Thursday, October 1, 2009

Changing Direction


     A few weeks ago I visited a former client  I  helped start a business several years ago.   At the time, I stood by him while he nurtured his ideas into a great concept and  then helped him build this concept into a thriving business.  We worked together on writing a business plan and putting together financing.  Once he had the money to  start the business I helped him find a location, set up operations, build  inventories,  develop financial systems and so on.

     When this talented entrepreneur finally opened the doors to his upscale store it took off with lightening speed.  After only one year it was profitable and it seemed as if it would continue to grow as the years went by.  That was five years ago.  When he called me two weeks ago to come visit, I was excited to see how things had progressed, to see if he met all the forecasts we cautiously had written into the business plan five years earlier and to see how he was facing the challenges of these difficult economic times.  Little did I know that I was in for quite a disappointment!!

     Nothing had changed in all the time that had gone by.  Just about all aspects of the business had remained the same over the years.   The  same customers frequented the store,  the same vendors were used, and  they used the same marketing materials we had designed at the beginning.   When asked why, this supposedly savvy business owner said there did not seem to be a need to change.  His customers were loyal and happy.  They spent lots of money in his store and for a while  increased their spending to the point that he was exceeding his goals.   Things were so good he saw no need to make a change… that is until the economic hardships that hit the USA a year ago started to impact him too.  All of a sudden his loyal customers could not spend as much as they did at the beginning and many just stopped coming in.  He was having difficulty paying his suppliers and everything seemed to be spiraling downward.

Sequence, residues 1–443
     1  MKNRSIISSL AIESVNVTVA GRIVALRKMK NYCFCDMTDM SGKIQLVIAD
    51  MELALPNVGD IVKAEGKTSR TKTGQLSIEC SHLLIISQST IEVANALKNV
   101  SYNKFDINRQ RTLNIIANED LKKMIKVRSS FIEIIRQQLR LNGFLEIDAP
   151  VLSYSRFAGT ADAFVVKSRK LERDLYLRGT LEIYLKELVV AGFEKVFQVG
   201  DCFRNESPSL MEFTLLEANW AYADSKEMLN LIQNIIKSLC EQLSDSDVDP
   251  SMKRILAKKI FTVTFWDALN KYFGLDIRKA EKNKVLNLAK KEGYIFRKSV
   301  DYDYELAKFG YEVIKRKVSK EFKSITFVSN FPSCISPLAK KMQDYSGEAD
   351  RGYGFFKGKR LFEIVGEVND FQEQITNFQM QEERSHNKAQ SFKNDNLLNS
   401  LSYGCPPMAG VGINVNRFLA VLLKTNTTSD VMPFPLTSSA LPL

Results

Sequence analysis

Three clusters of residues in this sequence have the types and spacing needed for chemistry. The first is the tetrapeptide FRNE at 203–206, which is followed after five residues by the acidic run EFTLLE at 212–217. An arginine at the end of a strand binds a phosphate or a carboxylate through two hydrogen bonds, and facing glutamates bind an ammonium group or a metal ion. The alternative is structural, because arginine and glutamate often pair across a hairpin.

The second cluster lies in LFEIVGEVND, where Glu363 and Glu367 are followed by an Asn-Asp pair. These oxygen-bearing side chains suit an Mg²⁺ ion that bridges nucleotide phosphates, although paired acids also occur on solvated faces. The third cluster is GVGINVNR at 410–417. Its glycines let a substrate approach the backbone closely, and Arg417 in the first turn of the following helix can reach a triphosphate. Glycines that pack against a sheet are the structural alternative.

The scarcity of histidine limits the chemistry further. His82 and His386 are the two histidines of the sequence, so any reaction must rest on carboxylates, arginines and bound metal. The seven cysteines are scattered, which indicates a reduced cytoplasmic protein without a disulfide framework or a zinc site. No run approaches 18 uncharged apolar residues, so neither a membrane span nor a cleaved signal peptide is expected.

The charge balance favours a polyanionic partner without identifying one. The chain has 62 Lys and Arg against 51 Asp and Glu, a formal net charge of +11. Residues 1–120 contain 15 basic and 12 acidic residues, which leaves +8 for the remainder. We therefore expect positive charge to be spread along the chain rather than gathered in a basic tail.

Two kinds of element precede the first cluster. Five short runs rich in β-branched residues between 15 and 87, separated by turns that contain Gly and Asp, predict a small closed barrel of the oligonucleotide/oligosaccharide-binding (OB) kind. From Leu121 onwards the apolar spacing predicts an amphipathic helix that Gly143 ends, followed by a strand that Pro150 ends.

This business-owners story  highlights the fact that a business needs to continually develop just like people do.  Nothing ever stays the same.  It is great to have loyal consumers, but it is essential to constantly grow your customer base because circumstances change.    A business plan is a fluid document and the goals it sets forth must be reviewed systematically to assess their achievability.   As goals are retired, new ones need to take their place.  If goals are not being met the reason needs to be found.   Marketing plans also need  to reflect the changing consumer base and culture.  This is especially important during difficult economic times.

     So it does not matter if business is good for you, or not, find that business plan you did ages ago, read it over, and map out the next direction going forward…..

No comments:

Post a Comment